Where Do We Go from Grants Pass?

A small tent set up under an urban pedestrian bridge on a sunny winter day.

TAC is outraged and disappointed in the Supreme Court’s decision in Grants Pass v. Johnson. Based on our 30 years of experience working across the country to end homelessness, we know this decision will lead to more individuals and families who are experiencing homelessness being arrested and incarcerated. We also know that disproportionate numbers of these people will have mental illness, substance use disorders, or other disabilities; will be Veterans; will have experienced domestic violence; will be minors; and/or will be Black, Brown, or Indigenous. The court has sent the damaging message that government responsibility to address the affordable housing crisis facing this country can be managed by criminalizing people who cannot afford a place to live. Citing and arresting people who live on the street with local public nuisance laws only compounds peoples’ challenges, perpetuates homelessness, causes further traumatization, and results in increased costs to society.

Homelessness is a public health emergency that requires an urgent, all-of-government approach. We know what works: Many communities are working hard to prevent and end homelessness, despite the shortage of affordable housing, and will continue to build on evidence-based solutions such as Housing First, which has bipartisan support and is credited with having cut Veteran homelessness in half since 2010. Federal, state, and local policymakers must intensify their efforts to expand and accelerate affordable housing resources and programs, including rental assistance, the Low-Income Housing Tax Credit, and other programs. Access to treatment, services, and other supports (including eviction prevention) can help people both access and sustain the housing options that will keep them off the street. The Grants Pass decision fails to recognize underlying causes of homelessness ― including, first and foremost, the basic, fundamental need for housing.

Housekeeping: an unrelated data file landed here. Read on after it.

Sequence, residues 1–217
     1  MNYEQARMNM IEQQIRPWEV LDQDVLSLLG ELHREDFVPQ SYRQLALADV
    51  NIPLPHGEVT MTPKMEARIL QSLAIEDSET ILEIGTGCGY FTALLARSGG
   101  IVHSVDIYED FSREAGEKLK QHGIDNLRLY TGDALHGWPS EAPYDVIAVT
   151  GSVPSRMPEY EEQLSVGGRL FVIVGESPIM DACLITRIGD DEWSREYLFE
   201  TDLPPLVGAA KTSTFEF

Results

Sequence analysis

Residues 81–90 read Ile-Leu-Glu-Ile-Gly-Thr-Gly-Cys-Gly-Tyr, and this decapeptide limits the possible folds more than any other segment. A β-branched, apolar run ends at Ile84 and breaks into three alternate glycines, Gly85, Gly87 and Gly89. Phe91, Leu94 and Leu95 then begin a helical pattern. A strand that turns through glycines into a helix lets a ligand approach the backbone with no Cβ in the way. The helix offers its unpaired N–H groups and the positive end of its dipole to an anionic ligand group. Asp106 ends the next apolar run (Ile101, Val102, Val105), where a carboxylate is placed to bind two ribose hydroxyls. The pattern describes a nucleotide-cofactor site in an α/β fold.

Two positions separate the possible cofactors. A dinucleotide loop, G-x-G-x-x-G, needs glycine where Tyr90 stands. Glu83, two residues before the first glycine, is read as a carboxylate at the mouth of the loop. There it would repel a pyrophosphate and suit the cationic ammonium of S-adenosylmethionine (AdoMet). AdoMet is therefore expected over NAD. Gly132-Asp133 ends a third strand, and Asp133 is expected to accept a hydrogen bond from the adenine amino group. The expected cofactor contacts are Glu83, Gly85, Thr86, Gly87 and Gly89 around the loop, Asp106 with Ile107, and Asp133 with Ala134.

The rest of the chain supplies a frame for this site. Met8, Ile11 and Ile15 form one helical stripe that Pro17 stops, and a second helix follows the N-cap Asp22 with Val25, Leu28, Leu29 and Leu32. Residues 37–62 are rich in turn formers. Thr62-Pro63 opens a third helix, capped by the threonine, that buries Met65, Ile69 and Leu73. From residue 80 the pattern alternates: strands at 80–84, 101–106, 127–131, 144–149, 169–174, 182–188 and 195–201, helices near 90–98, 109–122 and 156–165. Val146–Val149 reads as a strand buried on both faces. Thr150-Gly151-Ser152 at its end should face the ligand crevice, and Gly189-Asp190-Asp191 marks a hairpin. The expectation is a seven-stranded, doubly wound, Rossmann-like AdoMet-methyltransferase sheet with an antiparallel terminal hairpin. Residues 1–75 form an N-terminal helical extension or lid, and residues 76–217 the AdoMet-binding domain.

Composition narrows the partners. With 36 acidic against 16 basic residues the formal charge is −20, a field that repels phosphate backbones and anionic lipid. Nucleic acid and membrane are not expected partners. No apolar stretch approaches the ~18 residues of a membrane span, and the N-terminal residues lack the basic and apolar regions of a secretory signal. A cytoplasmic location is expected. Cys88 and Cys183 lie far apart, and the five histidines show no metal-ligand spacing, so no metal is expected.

Policies that criminalize people who experience homelessness are wrong, counterproductive, and ineffectual ― and public officials who resort to policy solutions based on Grants Pass must be held accountable. But in order to prevent states and communities from defaulting to criminalization, Congress and states must do the right thing and provide funding and tools for the development of real solutions: more affordable housing and services to help all people live and thrive in safe, stable housing in the communities they choose.

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Kevin Martone, M.S.W., L.S.W.,

is TAC's Executive Director and is nationally recognized for his expertise in behavioral health policy, system financing and design, Olmstead and community integration, homelessness, and best practice models of housing for persons with disabilities.

Lisa Sloane, M.P.A.,

has nearly 40 years of experience working with federal, state, and local governments as well as nonprofit agencies, to address the supportive housing needs of people with disabilities and of individuals and families experiencing homelessness.